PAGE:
Alipay owner Ant Financial upped its offer for remittance company MoneyGram in an attempt to fend-off competition from US-based rival Euronet.

In a move to secure the support of MoneyGram shareholders, China-based Ant increased its offer by $320 million on the price originally agreed in January, to $1.2 billion.

Ant’s new offer was accepted by the MoneyGram board and will be put forward for shareholder approval.

The rival bidders have been embroiled in a fierce war of words since cashpoint technology company Euronet tried to hijack Ant’s merger agreement with a $1 billion offer in March.

Launching its own bid, Euronet promised MoneyGram shareholders both a higher offer and a more certain path to closing, as its deal required fewer regulatory sign-offs.

Strong accusations
The battle heated up in early April as accusations came in from both sides. Reuters reported Euronet representatives wrote to US treasury secretary Steven Mnuchin warning of “significant national security risks” they believed were raised by an Ant deal.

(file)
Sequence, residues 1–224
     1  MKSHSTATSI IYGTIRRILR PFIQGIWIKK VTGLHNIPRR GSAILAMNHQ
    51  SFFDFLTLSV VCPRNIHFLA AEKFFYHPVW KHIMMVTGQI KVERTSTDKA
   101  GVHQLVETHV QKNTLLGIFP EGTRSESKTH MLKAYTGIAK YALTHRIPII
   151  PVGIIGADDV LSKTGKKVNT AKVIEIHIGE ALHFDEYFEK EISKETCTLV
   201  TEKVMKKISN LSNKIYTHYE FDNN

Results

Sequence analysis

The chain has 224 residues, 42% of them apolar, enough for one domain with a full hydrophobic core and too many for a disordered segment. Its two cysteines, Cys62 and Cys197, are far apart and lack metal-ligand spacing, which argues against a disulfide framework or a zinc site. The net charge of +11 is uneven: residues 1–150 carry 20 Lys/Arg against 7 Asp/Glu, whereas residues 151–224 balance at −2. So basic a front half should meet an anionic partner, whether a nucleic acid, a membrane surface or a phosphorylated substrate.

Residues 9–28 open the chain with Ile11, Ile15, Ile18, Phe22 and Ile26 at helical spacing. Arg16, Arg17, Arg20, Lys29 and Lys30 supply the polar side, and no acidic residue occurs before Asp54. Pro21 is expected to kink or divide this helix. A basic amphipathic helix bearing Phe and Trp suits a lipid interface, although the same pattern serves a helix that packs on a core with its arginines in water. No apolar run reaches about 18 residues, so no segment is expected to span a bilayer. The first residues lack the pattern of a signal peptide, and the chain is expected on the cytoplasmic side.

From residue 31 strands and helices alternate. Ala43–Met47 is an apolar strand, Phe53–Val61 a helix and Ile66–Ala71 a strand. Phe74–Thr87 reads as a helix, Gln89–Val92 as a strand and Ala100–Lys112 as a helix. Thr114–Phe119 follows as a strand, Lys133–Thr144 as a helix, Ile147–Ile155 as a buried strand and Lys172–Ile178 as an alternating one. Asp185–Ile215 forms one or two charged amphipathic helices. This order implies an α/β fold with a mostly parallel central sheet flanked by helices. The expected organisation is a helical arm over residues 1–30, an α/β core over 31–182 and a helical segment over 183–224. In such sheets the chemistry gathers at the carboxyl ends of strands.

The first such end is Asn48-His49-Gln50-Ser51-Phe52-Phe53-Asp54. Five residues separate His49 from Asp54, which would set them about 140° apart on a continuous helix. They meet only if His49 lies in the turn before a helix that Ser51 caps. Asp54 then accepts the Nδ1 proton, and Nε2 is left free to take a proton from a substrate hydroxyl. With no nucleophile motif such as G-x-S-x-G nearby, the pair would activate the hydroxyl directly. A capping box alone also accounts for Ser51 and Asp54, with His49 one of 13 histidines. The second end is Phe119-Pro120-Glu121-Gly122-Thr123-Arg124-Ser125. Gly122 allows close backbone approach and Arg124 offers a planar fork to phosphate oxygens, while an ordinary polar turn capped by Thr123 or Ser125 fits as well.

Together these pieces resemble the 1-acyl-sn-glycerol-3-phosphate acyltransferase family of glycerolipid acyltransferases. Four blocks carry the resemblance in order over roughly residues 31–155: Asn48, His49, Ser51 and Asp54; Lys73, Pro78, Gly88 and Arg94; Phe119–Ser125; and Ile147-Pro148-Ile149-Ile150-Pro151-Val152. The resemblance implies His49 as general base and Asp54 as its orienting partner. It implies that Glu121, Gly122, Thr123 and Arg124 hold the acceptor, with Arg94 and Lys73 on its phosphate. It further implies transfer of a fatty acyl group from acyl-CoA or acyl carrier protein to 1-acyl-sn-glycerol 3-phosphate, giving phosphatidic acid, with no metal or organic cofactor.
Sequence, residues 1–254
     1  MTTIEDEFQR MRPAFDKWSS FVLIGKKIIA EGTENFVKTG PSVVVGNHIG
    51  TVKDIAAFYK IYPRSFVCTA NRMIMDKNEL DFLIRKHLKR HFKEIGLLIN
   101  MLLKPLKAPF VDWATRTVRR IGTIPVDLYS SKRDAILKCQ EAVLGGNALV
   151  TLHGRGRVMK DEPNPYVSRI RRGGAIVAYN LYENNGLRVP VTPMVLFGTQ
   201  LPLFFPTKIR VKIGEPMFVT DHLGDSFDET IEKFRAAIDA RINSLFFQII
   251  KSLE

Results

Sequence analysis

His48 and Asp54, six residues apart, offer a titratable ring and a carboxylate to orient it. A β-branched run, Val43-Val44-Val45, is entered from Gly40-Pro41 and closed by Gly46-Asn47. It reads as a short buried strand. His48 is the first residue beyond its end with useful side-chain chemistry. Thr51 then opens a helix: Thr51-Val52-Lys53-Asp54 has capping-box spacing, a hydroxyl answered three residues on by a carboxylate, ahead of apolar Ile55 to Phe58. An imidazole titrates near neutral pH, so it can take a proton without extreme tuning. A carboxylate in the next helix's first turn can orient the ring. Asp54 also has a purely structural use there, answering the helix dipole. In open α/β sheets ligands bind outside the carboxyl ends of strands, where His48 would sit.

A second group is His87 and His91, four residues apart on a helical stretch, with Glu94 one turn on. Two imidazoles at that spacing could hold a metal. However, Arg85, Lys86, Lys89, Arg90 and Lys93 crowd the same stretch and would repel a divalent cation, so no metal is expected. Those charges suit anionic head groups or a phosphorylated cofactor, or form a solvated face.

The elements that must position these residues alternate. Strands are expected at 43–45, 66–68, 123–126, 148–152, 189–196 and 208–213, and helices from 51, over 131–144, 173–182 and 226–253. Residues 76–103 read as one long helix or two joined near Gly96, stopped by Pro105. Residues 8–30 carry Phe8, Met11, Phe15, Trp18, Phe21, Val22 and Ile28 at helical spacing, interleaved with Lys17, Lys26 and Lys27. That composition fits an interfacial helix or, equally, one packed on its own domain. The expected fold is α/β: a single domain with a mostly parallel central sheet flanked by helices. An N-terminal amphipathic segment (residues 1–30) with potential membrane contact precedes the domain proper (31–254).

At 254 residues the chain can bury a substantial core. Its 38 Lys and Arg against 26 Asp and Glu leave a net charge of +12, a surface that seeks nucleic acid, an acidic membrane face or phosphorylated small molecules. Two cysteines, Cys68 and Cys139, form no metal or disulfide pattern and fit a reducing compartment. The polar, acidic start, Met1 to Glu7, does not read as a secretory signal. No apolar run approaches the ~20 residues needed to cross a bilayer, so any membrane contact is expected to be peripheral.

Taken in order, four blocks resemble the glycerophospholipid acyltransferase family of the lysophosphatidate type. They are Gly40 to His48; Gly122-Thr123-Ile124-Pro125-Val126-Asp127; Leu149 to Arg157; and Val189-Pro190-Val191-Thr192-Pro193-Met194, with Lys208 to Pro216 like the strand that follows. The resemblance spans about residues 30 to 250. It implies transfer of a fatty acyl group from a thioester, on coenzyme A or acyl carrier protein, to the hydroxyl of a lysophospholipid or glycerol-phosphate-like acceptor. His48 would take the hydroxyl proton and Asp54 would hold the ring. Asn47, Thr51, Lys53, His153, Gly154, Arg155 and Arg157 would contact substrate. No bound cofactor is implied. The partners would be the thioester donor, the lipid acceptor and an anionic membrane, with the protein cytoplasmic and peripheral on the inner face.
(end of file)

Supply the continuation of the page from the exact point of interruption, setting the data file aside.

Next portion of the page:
Ant responded by issuing a statement claiming: “Euronet has sought to create phantom national security arguments and encouraged political interference in a commercial transaction. A closer examination of Euronet’s self-serving claims demonstrates that its hostile bid for MoneyGram does nothing to advance American interests.”

The company went on to state the majority of Euronet’s own operations were outside of the US, criticised the company’s tax arrangements in the country and highlighted a historical data breach and associated fine.

Ant’s determination to complete the deal illustrates the priority it places on expansion in the US market. In its various statements since January it was quick to highlight its commitment to the country and its intention to launch new services into the market.